…[I]nvestors and analysts continue to point to events such as Fed money creation, interest rates, recession, weak economy, civil unrest, a contentious national election, etc. as justification for their expectations about the price of gold…[but] none of these things have any bearing on gold’s price – none. [Let me explain why that is the case.]
Gold’s Triple Tops
In the chart above you can see that there are three distinct periods of rising gold prices.
- The first two periods were each a decade in length: 1970-80 and 2000-2011 and both of those periods were preceded by longer periods of time – forty years and twenty years – during which gold’s price was not increasing.
- The third period was shorter in length and lasted five years from January 2016 to August 2020. It was preceded by a decade of declining gold prices.
- The chart shows that the triple top is still intact. The price at which gold peaked last August is just shy of Its peak in 2011; and before that, in 1980.
- The stopping points in the chart are the points where equilibrium was reached regarding a gold price which reflects the dollar’s cumulative loss in purchasing power up to that point…
- Peak No. 1: The average monthly price for gold in February 1980 (the month after its intraday peak of $848) was $664 and is shown on the chart. That price represents an approximate 97 percent (97%) cumulative loss in U.S. dollar purchasing power that had taken place by that time.
- Peak No. 2: Forty-one years later, in August 2011, the average monthly price peaked at $1825 (intraday high of $1895) and is indicative of a cumulative loss in U.S. dollar purchasing power close to 99 percent (99%).
- Peak No. 3: When gold’s average monthly price hit a new peak of $1971 in July 2020, followed by an intraday high of $2058 the next month, its price reflected a full 99 percent (99%) cumulative loss in U.S. dollar purchasing power since the Federal Reserve began ‘managing’ our money.
The corresponding inflation-adjusted prices for the three peaks are $2248/ozt. in 1980; $2151 in 2011; and $2032 ozt. in 2020.
…What are the implications for those expecting higher gold prices now and in the future?
The successive inflation-adjusted peaks in 2011 and 2020 were slightly short of the 1980 peak. Further rises in gold’s price on an inflation-adjusted basis can be expected to stop at the same approximate points…because gold’s value is constant and unchanging.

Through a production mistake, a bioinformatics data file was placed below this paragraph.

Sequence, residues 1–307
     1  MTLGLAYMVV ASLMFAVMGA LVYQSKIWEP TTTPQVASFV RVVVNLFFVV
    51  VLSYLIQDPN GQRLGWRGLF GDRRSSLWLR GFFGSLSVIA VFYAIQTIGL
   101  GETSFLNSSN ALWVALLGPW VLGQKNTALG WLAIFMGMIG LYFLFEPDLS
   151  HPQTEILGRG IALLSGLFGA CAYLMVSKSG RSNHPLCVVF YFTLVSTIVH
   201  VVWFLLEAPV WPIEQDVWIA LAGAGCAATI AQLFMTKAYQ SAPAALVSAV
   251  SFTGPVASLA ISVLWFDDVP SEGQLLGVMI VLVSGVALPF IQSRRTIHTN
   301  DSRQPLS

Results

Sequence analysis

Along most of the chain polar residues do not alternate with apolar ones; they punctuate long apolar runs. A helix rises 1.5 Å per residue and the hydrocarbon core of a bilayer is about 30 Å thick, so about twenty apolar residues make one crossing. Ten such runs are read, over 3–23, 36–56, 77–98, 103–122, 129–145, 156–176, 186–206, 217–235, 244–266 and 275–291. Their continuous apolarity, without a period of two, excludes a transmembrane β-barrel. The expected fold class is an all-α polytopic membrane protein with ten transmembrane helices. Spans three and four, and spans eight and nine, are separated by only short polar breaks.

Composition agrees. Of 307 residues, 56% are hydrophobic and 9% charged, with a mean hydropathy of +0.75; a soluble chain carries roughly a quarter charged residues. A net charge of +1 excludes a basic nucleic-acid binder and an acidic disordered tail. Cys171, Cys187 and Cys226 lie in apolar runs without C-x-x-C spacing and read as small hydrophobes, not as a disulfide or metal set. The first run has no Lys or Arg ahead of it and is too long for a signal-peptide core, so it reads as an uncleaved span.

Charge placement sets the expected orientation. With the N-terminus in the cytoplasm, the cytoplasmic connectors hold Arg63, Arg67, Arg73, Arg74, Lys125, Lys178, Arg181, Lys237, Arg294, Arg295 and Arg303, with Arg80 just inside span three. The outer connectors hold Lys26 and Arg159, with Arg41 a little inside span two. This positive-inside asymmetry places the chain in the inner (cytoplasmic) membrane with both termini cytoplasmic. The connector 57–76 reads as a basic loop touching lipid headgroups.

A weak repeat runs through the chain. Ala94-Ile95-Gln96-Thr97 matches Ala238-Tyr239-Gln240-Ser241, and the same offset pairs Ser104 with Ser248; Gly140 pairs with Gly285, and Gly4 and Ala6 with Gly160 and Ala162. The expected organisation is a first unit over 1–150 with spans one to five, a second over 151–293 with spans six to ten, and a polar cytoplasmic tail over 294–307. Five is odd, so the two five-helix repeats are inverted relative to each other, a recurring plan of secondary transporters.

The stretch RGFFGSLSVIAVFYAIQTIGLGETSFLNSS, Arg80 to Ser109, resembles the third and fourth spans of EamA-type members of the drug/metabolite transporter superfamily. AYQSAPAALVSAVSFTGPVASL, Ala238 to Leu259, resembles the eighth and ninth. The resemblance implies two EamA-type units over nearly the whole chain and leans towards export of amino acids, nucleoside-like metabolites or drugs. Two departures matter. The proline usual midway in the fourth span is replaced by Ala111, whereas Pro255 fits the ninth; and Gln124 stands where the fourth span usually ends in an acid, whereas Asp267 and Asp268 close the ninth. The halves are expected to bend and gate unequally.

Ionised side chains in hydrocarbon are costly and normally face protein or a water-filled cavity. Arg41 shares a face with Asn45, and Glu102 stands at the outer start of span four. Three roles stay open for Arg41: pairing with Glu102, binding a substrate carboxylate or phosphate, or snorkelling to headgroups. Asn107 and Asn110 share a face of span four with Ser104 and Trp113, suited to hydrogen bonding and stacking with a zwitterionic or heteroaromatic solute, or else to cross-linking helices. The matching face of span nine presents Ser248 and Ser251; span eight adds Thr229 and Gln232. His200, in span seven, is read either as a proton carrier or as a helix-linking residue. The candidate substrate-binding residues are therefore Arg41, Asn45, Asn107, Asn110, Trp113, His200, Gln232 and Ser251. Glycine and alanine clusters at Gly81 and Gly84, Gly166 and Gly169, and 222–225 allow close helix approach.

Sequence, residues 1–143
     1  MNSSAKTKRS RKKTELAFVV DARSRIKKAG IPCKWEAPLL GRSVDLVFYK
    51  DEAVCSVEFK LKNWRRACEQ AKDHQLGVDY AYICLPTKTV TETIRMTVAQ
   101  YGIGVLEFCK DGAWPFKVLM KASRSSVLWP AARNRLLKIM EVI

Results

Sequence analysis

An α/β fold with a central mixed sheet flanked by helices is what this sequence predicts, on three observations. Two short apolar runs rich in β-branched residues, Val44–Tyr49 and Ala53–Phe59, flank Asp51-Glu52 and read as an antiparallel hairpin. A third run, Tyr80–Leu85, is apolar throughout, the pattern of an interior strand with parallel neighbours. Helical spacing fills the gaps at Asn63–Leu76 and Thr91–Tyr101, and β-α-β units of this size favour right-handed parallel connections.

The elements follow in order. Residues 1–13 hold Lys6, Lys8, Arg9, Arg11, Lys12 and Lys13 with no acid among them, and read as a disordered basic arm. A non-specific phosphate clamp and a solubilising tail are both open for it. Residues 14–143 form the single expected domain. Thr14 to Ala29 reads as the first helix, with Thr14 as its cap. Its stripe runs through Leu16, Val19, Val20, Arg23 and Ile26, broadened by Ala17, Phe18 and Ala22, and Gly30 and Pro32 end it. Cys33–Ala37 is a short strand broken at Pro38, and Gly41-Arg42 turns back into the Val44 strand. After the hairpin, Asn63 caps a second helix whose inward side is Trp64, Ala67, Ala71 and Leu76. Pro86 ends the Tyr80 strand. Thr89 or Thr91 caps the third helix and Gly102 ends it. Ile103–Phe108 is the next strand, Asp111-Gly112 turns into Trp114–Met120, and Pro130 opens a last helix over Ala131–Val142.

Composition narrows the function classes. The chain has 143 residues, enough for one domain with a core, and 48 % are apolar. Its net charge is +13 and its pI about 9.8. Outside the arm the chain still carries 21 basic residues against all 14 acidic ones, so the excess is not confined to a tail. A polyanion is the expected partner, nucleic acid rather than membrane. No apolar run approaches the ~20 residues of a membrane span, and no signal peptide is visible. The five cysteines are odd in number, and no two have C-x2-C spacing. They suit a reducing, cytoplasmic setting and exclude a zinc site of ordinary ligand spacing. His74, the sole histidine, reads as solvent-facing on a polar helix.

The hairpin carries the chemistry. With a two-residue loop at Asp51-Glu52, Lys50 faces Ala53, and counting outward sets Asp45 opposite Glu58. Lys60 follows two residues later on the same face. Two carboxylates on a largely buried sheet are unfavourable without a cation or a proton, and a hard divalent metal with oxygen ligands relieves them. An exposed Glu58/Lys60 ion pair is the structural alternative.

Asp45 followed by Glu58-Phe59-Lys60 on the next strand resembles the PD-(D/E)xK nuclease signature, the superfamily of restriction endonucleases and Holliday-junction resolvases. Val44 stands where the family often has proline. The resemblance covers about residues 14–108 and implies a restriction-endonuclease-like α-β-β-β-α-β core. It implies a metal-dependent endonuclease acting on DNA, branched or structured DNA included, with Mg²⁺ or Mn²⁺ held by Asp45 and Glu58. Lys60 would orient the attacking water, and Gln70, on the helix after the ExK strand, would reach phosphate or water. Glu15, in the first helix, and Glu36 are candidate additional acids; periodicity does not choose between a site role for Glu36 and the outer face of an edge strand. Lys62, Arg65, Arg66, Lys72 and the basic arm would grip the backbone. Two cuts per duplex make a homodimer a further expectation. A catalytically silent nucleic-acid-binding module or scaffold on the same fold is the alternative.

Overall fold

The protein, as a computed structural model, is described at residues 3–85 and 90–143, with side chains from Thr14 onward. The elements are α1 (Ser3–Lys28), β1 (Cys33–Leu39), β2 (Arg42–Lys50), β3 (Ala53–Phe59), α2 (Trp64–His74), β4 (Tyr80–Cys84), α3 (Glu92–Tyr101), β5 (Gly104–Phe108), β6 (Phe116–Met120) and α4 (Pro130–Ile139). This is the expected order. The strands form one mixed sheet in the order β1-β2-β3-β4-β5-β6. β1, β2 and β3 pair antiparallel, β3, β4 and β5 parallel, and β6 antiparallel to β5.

- One [troy] ounce of gold today has the same value that it did in 2011 or 1980 or 1920; and the value of one [troy] ounce of gold in the future won’t be any different, either.
- Gold’s price, on the other hand, can continue to rise over time as the U.S. dollar continues to decline [as its]…price does not tell us anything about gold. It only tells us what has happened to the U.S. dollar.
- Increases in the price of gold come “after the fact”. Gold’s price action is not anticipatory of future conditions, events.
- Gold’s higher price over time reflects the actual the loss in purchasing power of the U.S. dollar. The point of origin is fixed convertibility at $20.67 oz. when paper dollars could be exchanged for gold at that fixed price.
Since the only reason for a higher gold price is a further decline in the U.S. dollar, then the price of gold cannot be expected to rise further to any meaningful degree until after the dollar has lost additional purchasing power.
As of this point in time, any price for gold close to $2,000 represents a ninety-nine percent [99%] loss in purchasing power of the U.S. dollar which brings us back to our opening statement that gold is fully priced at $2,000 per troy ounce.
Editor’s Note: The original article has been edited ([ ]) and abridged (…) above for the sake of clarity and brevity to ensure a fast and easy read. The author’s views and conclusions are unaltered and no personal comments have been included to maintain the integrity of the original article. Furthermore, the views, conclusions and any recommendations offered in this article are not to be construed as an endorsement of such by the editor. Also note that this complete paragraph must be included in any re-posting to avoid copyright infringement.
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